14 Chapter 2 Pricing of Electricity Derivatives This chapter starts by giving a motivation for pricing electricity derivatives, showing the limits of asset pricing when the asset is not tradable or storable. In the second section, some technical preliminaries are introduced. In the third section, these help us to explain the pricing approach on which we will rely. The fourth and fifth sections show our approach to parameter estimation and option valuation. 2.1 Pricing of Commodities Consider a tradable asset S with price S t, t R +, and a forward contract on S with price F (t, T ) and expiry T R +, T t. Assume that the riskless interest rate r is nonstochastic and constant. With a simple replication strategy, we are able to determine the value of this forward contract: Period t: Strategy 1: lend money of value S t for the risk-free rate r and buy asset S. Strategy 2: buy a forward contract with expiry in T for the price F (t, T ). The contract must be paid in T. Period T : Strategy 1: sell asset S for value S T and pay back the money that was lent plus the payable interest. The payoff of this strategy is S T e r(t t) S t. Strategy 2: pay forward contract with the price agreed on in t: F (t, T ), and receive S. Immediately sell S. The payoff is S T F (t, T ). 7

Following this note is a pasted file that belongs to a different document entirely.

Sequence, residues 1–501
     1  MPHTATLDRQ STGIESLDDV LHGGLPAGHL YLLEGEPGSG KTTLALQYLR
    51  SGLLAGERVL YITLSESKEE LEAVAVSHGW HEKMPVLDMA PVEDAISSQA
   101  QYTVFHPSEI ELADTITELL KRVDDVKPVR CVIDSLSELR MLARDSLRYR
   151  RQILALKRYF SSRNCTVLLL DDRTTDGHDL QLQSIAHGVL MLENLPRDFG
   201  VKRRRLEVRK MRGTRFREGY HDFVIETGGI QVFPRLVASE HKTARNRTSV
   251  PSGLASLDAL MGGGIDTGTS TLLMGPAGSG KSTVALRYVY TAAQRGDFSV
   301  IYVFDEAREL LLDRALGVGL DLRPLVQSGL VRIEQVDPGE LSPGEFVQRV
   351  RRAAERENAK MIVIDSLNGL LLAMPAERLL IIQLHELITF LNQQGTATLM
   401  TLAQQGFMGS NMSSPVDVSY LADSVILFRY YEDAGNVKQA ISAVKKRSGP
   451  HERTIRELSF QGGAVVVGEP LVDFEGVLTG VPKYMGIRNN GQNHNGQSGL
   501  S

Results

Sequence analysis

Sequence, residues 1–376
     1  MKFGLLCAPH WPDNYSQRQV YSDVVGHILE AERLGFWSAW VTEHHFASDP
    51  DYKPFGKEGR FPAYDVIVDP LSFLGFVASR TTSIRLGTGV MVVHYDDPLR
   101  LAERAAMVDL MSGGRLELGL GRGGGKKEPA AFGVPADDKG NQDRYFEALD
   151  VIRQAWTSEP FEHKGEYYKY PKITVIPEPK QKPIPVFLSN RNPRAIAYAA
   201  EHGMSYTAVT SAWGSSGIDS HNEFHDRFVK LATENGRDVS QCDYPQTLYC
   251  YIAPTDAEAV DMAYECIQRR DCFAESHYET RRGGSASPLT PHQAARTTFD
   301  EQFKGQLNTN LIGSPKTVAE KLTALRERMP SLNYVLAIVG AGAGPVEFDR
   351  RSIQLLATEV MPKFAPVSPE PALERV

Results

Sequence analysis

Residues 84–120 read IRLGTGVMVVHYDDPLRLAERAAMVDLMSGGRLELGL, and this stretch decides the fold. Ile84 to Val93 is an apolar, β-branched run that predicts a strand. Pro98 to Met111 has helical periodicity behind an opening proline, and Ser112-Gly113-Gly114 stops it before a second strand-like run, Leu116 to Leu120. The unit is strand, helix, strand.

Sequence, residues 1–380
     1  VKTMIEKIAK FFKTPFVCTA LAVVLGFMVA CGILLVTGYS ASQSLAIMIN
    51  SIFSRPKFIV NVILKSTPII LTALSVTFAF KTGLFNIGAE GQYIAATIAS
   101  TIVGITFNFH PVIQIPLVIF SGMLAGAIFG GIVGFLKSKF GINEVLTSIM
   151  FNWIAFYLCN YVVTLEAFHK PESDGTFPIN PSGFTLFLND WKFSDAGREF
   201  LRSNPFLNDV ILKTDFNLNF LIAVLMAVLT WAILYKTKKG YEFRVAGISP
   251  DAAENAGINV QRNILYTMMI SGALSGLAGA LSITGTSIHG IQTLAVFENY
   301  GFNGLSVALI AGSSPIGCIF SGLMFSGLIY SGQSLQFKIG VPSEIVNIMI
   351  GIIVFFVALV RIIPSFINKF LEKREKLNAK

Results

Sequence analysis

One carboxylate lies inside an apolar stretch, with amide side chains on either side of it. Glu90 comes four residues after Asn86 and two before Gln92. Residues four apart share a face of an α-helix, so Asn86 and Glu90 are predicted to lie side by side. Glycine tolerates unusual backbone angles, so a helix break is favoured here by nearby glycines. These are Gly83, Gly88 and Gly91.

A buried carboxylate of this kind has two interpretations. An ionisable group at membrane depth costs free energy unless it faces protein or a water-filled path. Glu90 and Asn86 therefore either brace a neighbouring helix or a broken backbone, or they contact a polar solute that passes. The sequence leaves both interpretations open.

15 The Law of One Price says that investment assets that have identical cash flows must have the same price. 1 So the value of F (t, T ) must be F (t, T ) = e r(t t) S t. (2.1) The important point in this argument is the assumption of a tradable asset, included in the notion investment asset. 2 This assumption is definitely correct for securities, but not anymore for commodities like wheat, oil, or electricity. So does the non-validity of this equation lead to a wider range of models, like those with mean reversion or seasonality components, see also Chap. 1. For our Model Group 2, presented in Sect. 5.2, we generalize the risk-neutralized drift for the log-prices, that would be with equation (2.1) (r 1 2 v t)dt, to (α + βv t )dt, see there for further details. The discussion above implies, that in the electricity market future and forward contracts cannot be replicated with spot contracts. Therefore, market completeness, regarding the futures and forward markets, can only be shown by using multiple futures and forward contracts, depending on the assumed models. The possibility of using a martingale measure, though, does not depend on market completeness. Despite the lack of unique prices, for a chosen martingale measure arbitrage-free pricing is still assured, see for example Schönbucher (23, p. 16). See also Sect A simple look at futures prices shows that they are sometimes above (in contango) or below (in backwardation) the spot price. 3 To give an example, we have listed futures prices from the London Metal exchange from 4 May 21 in Table While most contracts tend to be in contango, the Primary High Grade 1 See Hull (1989, pp. 54f), who also gives necessary assumptions: (i) there are no transaction costs, (ii) the same tax rates apply for all, (iii) there is only one risk free rate of interest, for borrowing as for lending, and (iv) arbitrage opportunities are exploited. 2 For tradable assets the equation causes the process under the Martingale measure to always have a trend of r or r ts t, respectively, see for example the models of Bakshi, Cao and Chen (1997), or Bates (1991). 3 Contango is defined as an upward-sloping term structure of futures prices. The opposite is backwardation. 4 The data can be found at London Metal Exchange. 8